Pope Francis has bestowed sainthood on 800 Italians who were beheaded in the southern town of Otranto, after refusing to convert to Islam.
Of the 800, only the name of one - Antonio Primaldo - is known.
The Italian "Martyrs of Otranto" were executed in the 15th century after 20,000 Turkish soldiers invaded their town in south-eastern Italy.
According to popular tradition, when the soldiers beheaded Primaldo, his body defied gravity and remained standing even though the Turkish soldiers tried to push him over.
The decapitated man stood until the very last prisoner was killed, at which point Primaldo's body collapsed next to his dead compatriots.
Others canonised at a mass on Sunday in St. Peter's Square were two Latin American nuns - Laura Montoya from Colombia and Maria Guadalupe Garcia Zavala from Mexico - who both died in the 20th Century.
Mother Laura Montoya - who will be Colombia's first saint - spent her life helping indigenous people.
She founded the Missionaries of Mary Immaculate and Saint Catherine of Sienna when she and four other young women moved to what was then dense jungle to "become an Indian with the Indians", according to her Vatican biography.
Zavala, called Mother Lupita by Pope Francis, sheltered Catholics during a government repression against the faith in the 1920s.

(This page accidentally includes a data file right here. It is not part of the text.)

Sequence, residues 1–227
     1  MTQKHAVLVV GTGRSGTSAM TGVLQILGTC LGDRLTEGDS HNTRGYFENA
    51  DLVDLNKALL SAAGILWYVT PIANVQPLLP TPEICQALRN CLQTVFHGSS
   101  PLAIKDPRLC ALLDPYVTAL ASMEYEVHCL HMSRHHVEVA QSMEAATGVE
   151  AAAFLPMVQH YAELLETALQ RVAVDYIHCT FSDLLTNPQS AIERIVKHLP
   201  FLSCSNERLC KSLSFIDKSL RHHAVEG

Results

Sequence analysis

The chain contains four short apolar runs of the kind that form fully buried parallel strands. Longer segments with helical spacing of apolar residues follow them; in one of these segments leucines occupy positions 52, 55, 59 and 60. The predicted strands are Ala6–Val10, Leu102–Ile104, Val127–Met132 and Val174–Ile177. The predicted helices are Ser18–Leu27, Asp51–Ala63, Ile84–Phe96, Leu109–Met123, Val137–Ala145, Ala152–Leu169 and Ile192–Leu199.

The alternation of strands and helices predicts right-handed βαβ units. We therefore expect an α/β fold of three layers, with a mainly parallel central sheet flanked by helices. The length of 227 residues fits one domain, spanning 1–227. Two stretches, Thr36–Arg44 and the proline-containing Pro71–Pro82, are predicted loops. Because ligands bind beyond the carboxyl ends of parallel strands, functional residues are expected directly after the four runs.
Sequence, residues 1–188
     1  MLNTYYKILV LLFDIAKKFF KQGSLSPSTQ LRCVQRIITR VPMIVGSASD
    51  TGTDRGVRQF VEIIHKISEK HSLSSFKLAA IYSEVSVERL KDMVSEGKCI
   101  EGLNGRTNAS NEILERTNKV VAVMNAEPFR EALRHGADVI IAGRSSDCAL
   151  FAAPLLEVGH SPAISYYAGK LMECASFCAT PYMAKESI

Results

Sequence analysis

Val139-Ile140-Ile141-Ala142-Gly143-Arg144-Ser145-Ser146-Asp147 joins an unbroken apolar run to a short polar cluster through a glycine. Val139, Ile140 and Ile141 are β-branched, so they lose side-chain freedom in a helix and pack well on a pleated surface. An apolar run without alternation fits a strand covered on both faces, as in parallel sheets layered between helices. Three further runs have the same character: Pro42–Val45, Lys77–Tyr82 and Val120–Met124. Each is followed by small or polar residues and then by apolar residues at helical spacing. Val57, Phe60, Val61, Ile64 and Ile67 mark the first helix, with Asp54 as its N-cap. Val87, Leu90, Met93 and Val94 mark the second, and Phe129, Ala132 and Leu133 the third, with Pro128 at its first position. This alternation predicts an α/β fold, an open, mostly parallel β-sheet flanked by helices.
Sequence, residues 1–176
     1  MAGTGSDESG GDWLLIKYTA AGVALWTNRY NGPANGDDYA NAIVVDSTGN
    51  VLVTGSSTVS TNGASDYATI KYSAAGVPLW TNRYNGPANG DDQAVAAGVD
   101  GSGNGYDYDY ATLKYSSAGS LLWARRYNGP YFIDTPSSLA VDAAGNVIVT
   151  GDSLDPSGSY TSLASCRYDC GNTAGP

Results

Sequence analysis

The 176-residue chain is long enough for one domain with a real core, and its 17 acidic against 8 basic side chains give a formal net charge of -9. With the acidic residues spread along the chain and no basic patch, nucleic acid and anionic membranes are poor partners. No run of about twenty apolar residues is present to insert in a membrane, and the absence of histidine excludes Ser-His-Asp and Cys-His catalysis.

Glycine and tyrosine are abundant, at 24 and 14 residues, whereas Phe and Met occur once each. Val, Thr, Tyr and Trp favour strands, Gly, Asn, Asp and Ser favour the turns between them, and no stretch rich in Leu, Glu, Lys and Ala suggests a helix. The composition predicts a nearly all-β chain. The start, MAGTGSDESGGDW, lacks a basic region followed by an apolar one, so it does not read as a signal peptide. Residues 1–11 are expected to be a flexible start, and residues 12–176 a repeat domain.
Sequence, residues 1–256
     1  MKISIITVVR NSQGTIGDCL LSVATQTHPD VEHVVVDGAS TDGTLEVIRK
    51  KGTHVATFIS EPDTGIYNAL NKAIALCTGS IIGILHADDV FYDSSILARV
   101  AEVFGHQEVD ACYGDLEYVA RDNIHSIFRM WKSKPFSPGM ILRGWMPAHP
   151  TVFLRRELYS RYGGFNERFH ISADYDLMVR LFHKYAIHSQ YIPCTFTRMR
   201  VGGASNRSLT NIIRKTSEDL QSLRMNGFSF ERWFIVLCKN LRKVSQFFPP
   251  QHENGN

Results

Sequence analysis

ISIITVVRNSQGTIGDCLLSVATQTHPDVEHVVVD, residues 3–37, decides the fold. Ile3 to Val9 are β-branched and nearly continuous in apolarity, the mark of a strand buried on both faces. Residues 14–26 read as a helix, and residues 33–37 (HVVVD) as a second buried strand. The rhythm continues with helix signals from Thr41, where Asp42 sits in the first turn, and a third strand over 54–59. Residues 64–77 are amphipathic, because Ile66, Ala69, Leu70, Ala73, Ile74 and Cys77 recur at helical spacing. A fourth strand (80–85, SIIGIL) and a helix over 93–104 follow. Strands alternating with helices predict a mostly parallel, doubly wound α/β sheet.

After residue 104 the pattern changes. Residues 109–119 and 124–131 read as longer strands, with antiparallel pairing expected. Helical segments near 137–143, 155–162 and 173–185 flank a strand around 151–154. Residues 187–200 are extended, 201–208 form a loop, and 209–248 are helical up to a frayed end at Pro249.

In just two months of taking office, Pope Francis has proclaimed more saints than any of his predecessors.
However, it was Pope Benedict who started the process for their canonisations. His successor, Pope Francis, is continuing the process of honouring a new generation of modern as well as historic martyrs, according to a BBC report.
Later this month an Italian priest, Father Giuseppe Puglisi, who was murdered by the Sicilian mafia 20 years ago will be beatified - the last step before being declared a saint.
Pope John Paul II, who died in April 2005, could be Saint John Paul by October 2013, according to the Vatican. He's already been beatified and given the title "Blessed John Paul", in May 2011.
Two miracle cures have been attributed to John Paul. One involved a nun called Sister Marie, who was cured of Parkinson's disease. Unfortunately, she suffered a relapse after being cured.
A second was reported at St Peter's Basilica, when a wheelchair-bound boy suffering from kidney cancer visited the former Pope's tomb and began walking normally.